The Wild Duck Cluster -- M11
Open Cluster
M 11, NGC 6705, Melotte 213, Collinder 391, OCL 76
Magnitude: 6.1
Diameter: 13'
Distance: 5500 ly
Age: 200 Myr

Minimum requirements to view: any telescope under urban skies

The Wild Duck has long been one of my favorite open clusters. It is located in the beautiful Scutum star cloud, surrounded by one of the most dense star fields in the sky. Many clusters would be lost in such star studded glory, but M11 stands out clearly. According to Burnham's it was Rev. Wm. Derham of England who first resolved the cluster into stars in 1732. It was Admiral Smyth who noted that the main group of brighter stars resemble "a flight of wild ducks."

Burnham's describes M11 as an "Exceptionally fine galactic star cluster, lying on the north edge of the prominent Scutum Star Cloud, and one of the outstanding objects of its type for telescopes of moderate aperture."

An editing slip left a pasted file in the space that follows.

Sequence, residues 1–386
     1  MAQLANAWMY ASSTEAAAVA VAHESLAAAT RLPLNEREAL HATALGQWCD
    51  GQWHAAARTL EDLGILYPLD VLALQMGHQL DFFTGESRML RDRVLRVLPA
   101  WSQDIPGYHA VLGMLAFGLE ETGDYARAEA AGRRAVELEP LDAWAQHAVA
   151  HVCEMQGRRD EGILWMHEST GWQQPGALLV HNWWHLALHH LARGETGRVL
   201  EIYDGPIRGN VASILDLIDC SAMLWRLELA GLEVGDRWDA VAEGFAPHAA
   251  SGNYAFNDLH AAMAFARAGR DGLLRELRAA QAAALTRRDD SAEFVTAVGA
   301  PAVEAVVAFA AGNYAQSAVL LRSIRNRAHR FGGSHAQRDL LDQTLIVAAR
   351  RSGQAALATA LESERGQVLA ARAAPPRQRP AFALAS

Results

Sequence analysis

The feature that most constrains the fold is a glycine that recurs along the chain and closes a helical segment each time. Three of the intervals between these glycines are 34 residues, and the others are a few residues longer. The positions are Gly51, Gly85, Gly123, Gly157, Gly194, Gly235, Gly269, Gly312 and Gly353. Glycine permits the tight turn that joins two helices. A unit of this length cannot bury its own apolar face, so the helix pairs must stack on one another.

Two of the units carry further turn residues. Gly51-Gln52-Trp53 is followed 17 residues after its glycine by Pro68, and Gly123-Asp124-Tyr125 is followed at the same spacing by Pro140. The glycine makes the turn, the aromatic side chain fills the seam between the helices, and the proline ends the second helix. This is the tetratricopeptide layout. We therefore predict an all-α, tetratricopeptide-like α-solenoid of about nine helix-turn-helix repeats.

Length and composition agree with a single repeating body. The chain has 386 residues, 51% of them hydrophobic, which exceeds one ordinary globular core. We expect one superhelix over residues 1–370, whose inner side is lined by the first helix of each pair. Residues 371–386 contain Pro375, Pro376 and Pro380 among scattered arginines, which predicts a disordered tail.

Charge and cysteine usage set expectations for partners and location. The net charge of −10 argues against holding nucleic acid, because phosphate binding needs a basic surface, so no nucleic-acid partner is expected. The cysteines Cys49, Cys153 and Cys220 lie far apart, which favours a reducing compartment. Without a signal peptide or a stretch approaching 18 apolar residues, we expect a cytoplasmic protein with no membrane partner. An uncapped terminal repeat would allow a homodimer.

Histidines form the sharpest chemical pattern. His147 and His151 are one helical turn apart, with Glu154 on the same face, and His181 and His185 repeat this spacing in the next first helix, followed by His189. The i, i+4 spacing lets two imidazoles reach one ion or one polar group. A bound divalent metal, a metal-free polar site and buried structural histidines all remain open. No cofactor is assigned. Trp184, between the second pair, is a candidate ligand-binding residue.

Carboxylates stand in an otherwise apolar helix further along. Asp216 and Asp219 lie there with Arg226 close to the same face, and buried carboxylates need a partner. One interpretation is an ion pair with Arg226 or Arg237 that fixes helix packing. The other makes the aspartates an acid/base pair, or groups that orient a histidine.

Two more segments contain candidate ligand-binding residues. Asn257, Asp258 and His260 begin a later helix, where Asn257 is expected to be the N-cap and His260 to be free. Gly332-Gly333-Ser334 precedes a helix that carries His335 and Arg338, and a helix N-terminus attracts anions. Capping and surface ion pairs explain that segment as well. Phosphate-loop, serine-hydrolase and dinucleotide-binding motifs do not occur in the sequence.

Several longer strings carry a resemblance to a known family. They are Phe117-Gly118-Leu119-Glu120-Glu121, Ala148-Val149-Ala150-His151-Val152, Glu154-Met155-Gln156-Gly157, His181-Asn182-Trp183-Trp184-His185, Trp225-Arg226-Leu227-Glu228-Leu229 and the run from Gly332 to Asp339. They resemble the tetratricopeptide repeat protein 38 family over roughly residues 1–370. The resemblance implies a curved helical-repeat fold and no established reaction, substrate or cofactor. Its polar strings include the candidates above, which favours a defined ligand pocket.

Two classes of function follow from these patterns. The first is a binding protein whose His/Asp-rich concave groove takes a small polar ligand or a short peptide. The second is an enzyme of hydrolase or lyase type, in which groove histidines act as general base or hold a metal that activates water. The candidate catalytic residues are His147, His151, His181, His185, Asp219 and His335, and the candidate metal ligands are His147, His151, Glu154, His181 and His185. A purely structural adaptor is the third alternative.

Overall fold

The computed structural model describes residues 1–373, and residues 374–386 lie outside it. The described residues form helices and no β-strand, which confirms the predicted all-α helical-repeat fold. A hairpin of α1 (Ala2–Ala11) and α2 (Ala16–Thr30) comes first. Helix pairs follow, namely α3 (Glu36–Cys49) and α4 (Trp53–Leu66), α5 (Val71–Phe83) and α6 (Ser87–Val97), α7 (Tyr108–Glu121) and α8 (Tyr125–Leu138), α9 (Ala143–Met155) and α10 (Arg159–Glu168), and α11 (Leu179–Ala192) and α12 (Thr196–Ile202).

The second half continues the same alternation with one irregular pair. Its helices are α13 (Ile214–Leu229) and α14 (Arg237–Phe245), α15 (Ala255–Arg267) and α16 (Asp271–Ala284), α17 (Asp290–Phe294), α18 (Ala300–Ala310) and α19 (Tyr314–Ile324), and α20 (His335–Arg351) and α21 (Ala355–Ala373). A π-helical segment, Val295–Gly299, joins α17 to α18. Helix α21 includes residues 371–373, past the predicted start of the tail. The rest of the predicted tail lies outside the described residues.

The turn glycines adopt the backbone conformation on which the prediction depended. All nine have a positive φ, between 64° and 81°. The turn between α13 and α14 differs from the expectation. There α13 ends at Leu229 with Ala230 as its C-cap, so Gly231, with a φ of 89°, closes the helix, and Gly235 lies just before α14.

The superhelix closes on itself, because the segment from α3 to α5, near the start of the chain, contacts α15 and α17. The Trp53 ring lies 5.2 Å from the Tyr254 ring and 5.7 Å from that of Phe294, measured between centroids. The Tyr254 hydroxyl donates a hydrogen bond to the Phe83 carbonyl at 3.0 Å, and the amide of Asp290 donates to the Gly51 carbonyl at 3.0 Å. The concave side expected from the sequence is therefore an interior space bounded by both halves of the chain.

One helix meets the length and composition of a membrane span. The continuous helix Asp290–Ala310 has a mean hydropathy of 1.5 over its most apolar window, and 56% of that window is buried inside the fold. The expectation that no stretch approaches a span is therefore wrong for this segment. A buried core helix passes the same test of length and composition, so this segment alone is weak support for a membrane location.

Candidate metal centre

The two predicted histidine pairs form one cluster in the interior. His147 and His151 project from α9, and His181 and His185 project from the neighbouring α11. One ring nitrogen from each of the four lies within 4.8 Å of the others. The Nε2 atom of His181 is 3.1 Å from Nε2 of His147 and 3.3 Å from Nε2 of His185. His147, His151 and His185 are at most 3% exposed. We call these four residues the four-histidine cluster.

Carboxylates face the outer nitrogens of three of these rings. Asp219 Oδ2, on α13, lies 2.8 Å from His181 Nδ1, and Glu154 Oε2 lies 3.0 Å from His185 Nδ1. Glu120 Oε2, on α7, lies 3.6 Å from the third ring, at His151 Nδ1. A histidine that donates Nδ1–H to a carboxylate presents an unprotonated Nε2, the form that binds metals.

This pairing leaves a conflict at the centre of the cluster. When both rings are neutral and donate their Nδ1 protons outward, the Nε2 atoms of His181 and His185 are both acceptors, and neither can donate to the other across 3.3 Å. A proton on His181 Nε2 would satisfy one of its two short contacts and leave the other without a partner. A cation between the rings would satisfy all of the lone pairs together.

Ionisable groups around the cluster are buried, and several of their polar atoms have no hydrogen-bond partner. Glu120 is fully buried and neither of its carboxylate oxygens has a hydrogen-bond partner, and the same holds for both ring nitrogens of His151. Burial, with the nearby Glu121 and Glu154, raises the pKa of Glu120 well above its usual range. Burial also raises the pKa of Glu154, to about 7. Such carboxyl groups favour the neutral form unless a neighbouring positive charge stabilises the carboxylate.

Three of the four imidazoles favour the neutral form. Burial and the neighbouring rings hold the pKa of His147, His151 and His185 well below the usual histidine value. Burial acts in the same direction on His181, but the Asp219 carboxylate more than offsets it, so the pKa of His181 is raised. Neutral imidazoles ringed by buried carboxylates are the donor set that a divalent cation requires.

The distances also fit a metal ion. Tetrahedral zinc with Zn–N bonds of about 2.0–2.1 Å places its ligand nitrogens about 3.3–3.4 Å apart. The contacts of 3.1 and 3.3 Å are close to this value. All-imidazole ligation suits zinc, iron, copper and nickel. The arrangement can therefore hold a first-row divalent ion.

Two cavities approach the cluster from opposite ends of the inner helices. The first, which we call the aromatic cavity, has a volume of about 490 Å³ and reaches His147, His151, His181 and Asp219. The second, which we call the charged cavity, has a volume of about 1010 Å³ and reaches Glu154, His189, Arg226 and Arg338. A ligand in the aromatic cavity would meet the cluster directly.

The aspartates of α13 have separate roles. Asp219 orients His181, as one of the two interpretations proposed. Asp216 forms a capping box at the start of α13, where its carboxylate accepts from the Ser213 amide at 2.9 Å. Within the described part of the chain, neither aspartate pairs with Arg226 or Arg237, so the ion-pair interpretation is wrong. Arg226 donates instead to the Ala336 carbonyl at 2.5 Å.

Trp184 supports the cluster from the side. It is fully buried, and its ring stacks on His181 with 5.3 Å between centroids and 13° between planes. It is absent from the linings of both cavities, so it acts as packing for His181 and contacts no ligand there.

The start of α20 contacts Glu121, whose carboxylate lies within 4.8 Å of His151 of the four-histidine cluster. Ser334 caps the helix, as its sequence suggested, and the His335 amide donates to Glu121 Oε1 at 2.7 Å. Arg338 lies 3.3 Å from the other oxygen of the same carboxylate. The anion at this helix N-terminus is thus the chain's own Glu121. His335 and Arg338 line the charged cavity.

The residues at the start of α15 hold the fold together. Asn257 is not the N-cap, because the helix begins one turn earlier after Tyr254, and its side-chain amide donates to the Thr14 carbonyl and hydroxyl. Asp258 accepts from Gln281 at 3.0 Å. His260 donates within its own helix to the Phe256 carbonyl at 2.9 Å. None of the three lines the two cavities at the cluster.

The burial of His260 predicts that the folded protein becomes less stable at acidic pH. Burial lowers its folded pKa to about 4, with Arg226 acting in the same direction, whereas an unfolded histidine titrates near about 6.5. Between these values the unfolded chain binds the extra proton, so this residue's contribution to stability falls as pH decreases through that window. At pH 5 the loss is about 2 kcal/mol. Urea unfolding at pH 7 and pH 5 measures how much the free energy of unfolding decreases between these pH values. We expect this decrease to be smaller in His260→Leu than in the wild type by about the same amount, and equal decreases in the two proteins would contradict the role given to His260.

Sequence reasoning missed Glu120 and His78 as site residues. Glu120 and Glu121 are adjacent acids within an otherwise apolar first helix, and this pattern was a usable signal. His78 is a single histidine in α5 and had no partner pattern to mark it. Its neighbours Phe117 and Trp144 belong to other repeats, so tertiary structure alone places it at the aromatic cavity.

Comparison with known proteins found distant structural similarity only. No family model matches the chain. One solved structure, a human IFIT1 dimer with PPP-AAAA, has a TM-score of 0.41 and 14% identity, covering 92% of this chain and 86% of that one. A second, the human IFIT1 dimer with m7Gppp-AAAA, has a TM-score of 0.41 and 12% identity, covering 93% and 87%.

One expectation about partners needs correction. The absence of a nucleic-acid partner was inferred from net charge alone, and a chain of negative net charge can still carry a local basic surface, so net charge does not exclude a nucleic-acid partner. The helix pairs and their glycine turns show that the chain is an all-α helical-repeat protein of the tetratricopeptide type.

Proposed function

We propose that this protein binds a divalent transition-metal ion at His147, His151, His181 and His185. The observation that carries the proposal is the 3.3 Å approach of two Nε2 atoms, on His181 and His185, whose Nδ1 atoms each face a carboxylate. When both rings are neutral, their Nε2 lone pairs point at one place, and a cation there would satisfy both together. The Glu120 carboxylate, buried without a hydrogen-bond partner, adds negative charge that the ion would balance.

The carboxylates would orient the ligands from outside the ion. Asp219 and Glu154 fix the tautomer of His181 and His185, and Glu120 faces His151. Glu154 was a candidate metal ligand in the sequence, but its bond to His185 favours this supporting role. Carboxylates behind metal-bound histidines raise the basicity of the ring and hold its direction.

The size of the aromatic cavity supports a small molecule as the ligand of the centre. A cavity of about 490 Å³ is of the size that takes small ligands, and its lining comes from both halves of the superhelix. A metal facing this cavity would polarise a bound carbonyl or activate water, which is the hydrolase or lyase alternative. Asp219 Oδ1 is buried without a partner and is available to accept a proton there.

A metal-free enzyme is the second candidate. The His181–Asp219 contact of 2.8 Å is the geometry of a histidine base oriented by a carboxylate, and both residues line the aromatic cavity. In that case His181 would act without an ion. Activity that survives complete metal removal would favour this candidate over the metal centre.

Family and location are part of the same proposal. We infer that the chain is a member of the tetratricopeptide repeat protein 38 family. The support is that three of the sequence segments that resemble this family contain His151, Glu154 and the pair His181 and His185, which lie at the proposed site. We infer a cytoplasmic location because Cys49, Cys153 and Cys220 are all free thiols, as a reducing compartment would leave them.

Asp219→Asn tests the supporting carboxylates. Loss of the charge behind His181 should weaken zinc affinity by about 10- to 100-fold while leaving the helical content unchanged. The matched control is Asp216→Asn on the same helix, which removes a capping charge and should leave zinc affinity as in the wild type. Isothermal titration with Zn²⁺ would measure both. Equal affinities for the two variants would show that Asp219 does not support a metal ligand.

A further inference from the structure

Many of the stars are brighter than 11th magnitude, making for a terrific view in even a 6-inch scope. In smaller instruments or binoculars M11 appears as a hazy spot as bright as a 6th magnitude star and can even be glimpsed as such to the naked eye from a dark location. The first stars to resolve will be those that form a triangular structure--Smyth's wild ducks. A 10-inch scope will reveal at least 500 stars here splashed about in spectacular fashion.

The field in a 6-inch at 50x. North is down and east is to the right.
Millennium Star Atlas Vol III Chart 1104
Sky Atlas 2000 Chart 9
Uranometria 2000 Vol I Chart 86

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